June 21, 2010
The Loose-Leaf Alternative Course Book
Posted by Lisa Fairfax

Last week I received a LexisNexis mailing on loose-leaf course books, a program that offers certain textbooks in a loose-leaf format for students.  According to the the mailing, the pilot program was so successful that LexisNexis has now expanded their list of titles available for the 2010-2011 academic year.  Explaining the success of the program, LexisNexis list these advantages:

  • 40% discount compared to the hardbound version
  • the ability to leave the heavy textbook behind and carry only the pages needed for class or study
  • the ability to easily integrate notes and other materials within the loose-leaf book
  • wide margins that facilitate easy note taking
  • same pagination as the hardbound book

There were at least eight corporate/business titles listed as being offered in this loose-leaf version.  The loose-leaf books sound interesting.  I am not sure how such books impact authors, but lowered costs for students certainly seems like a good idea.  Then too, after watching students lug around what appears to be carry-on like bags full of their books, I can understand how students would be happy with the ability to leave their various textbooks home and carry only the pages they needed.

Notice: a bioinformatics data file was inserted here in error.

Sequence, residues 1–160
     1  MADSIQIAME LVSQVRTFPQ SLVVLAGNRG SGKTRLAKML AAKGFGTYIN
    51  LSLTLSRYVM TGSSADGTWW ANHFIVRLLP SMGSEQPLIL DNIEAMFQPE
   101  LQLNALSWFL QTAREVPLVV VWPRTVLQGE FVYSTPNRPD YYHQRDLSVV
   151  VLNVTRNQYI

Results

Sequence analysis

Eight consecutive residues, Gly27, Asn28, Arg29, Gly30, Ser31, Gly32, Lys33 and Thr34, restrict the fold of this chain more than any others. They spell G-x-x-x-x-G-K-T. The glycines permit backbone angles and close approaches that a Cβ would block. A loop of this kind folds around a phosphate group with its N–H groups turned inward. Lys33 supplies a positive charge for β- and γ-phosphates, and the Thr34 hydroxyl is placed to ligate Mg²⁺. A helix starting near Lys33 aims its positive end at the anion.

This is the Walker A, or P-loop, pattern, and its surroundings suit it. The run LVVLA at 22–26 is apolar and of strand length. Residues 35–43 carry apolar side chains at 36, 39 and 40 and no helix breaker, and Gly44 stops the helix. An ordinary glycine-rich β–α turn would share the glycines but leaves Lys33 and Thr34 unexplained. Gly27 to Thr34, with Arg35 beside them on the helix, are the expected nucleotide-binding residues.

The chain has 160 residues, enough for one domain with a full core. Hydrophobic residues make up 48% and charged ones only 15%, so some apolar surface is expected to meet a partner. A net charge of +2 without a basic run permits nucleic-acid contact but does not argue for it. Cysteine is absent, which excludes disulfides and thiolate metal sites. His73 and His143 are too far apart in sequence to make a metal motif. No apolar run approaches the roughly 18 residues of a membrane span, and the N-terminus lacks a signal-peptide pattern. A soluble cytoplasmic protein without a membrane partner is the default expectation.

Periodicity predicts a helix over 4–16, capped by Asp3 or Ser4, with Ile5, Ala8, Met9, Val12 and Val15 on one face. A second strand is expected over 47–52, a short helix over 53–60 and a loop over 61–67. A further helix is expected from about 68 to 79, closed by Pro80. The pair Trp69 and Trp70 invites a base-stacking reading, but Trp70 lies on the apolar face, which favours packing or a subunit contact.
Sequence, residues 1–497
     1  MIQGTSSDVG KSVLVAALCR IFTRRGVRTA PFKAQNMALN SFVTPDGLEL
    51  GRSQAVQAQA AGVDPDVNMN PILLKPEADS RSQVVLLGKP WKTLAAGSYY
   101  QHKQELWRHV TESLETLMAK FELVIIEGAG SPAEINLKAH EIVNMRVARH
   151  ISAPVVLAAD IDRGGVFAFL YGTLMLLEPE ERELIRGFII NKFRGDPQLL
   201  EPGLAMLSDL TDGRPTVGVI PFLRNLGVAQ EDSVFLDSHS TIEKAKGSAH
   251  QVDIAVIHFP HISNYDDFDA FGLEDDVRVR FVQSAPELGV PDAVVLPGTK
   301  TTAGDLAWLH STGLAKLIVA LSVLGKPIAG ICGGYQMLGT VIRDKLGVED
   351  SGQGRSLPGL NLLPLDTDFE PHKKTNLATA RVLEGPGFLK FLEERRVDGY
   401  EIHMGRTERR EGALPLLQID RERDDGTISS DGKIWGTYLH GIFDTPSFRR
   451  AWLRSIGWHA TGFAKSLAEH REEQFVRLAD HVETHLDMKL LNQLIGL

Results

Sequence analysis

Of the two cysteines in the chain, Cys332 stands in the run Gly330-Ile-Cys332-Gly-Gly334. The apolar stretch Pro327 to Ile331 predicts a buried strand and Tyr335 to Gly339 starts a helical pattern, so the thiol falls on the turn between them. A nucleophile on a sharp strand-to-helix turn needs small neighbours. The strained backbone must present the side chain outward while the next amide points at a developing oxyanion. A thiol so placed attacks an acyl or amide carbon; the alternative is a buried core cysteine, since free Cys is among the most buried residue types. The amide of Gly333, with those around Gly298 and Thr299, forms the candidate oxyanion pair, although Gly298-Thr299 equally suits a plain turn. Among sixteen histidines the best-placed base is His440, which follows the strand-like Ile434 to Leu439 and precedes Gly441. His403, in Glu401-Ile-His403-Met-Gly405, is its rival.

Moreover, I think it is interesting to think about whether and to what extent the course book format will change.  Indeed, although there were predictions that the electronic textbook would soon supplant print books, such a change has yet to materialize.  Thus, as this article points out, while e-textbooks are the norm in the world of online for-profit education, not only is such use rare in the nonprofit sector, but also data suggest that, as a general matter, such institutions do not view increasing e-textbook use as a key priority.  Interestingly, one limited survey suggest that even at for-profit schools where e-textbook use is widespread, if cost were not a factor, some 42% of students would strongly prefer the print text.  From this perspective, the loose-leaf course book may be a good alternative for many students and faculty.

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